You will notice that the more you fold and roll, the more it starts resembling wheat dough. Basically we are cheating this GF flour to act like wheat flour! Also the folding and rolling will ensure you a nicer crumbs, dotted with little holes, just like wheat sourdough.

4. Preheat your oven to 250 C (480 F), conventional. Once the oven has reached the desired temperature, gently tip the risen dough onto a cast iron pot lined with baking paper. If you have proved the bread in a bread basket or colander, make sure the pattern embossed onto the dough is on top. Score the top with a sharp knife or razor. Put the lid on (make sure there are no plastic parts) and bake it for 35 minutes. Turn the heat down to 220 C (420 F), take the lid off and bake for a further 15 minutes, or until the top is a dark caramel. Bake it for a little longer, if need be. You know your loaf is cooked through if it sounds hollow when tapped at the bottom, Take the pot out of the over (please use mitts!), lift out the bread, peel off the baking paper and cool on a wire rack for 1 hour before slicing.

If you don’t have a cast iron pot, simply place the proved dough onto an oven tray lined with baking paper. Score the top with a knife or razor, put in the oven and spray the top with water using a spray bottle. Repeat the spraying after 5 minutes, This will ensure you a lovely, crunchy crust, with a little shine to it. Bake at 250 C for 35 minutes, then turn the oven down to 220 C to finish baking. Cool on a wire rack as indicated above.IMG_0647.jpg

This bread will keep for a few days, wrapped in baking paper. When slicing, always use a serrated bread knife, as the crust really needs it. When eating once it has just cooled down, this bread is at its very best! Crunchy crust and soft moist crumb. Once it starts going stale, it is lovely toasted, in fact I have just had a little jam toast using a 2-day old GF bread!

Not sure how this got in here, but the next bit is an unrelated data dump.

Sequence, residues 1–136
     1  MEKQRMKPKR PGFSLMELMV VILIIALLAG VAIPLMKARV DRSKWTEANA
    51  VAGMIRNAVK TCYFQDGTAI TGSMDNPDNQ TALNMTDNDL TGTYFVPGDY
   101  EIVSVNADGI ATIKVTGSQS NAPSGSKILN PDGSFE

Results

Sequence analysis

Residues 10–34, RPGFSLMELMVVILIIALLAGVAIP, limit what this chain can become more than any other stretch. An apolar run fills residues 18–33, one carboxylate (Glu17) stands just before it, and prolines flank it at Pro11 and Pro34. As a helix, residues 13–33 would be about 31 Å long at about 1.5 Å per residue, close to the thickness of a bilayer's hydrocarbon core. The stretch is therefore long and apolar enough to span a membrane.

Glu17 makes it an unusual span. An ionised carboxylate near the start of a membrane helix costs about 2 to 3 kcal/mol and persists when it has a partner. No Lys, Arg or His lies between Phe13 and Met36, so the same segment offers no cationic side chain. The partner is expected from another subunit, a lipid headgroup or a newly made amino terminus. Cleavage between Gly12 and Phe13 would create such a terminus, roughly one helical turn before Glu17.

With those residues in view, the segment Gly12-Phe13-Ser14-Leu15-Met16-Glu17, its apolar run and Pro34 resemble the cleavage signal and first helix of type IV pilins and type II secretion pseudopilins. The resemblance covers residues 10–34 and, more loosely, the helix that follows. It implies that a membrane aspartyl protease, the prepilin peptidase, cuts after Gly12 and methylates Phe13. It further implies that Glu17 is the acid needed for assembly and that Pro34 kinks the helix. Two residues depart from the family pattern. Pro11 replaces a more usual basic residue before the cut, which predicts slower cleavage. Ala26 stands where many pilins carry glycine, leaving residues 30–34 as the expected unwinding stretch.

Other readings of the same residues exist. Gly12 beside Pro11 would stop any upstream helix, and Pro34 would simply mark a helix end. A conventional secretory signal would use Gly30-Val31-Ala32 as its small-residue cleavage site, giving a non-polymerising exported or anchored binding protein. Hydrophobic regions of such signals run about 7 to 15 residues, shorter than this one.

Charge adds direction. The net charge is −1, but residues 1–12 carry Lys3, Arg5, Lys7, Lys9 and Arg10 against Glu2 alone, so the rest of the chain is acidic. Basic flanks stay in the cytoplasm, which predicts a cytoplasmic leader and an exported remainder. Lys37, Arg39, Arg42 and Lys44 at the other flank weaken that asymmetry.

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34 Comments Add yours

  1. Hilary Warren says:

    Do you know which retails stock the Caputo Fiore Glut GF flour.
    I have been making my own GF bread for some time and I am interested to compare with your recipe.

    1. Like I said, I’m not sure how it is distributed in Australia. I found it randomly at my local store in the northern beaches. I think a google search will help you.

  2. Carmel says:

    Just spoke to a major italian food wholesaler, apparently Silvia everyone is desperately searching for this amazing flour. Cant wait to be able to buy it and make your recipe

    1. Please, let me know when you do!

  3. Mary says:

    Hi Silvia, thank you for your recipe. Leo’s in Kew Melbourne stock the flour apparently. Can’t wait to try it – when in a hurry, do you think it would work in a breadmaker? I realise this could be a sacrosanct comment! he he…

    1. I don’t use bread makers. I’m sorry I can’t help you there!

    2. Also, a bread maker would not do the folding for you… I don’t think it would work as well…

  4. Annie Rahme says:

    Hi Silvia , not sure if you could help with this … but I don’t have the sachet dry yeast instead I have instant dry yeast would the quantity be the same for the recipe ??

      1. Hilary Warren says:

        I contacted Basile Imports (1800 635 268) to ask what retailer in the ACT sells the Caputo Fiore Glut flour. The receptionist was very helpful, and I suggest that others ring them for a supplier in their area.
        For the ACT the answer was only one retailer, DeliPlanet at the Fyshwick markets. The cost is $16.99 for 1 Kg. Very expensive but I want to try it using the slow fermentation recipe that I use for my other breads including for other gluten free flours. I will report back with the results in a couple of weeks.